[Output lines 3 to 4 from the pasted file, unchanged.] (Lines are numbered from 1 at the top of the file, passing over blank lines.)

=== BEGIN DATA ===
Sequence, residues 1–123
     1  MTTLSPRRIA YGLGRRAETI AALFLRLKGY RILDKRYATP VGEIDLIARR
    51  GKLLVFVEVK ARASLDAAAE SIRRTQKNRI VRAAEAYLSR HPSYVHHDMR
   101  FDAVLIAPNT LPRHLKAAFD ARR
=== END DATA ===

    51  GKLLVFVEVK ARASLDAAAE SIRRTQKNRI VRAAEAYLSR HPSYVHHDMR
   101  FDAVLIAPNT LPRHLKAAFD ARR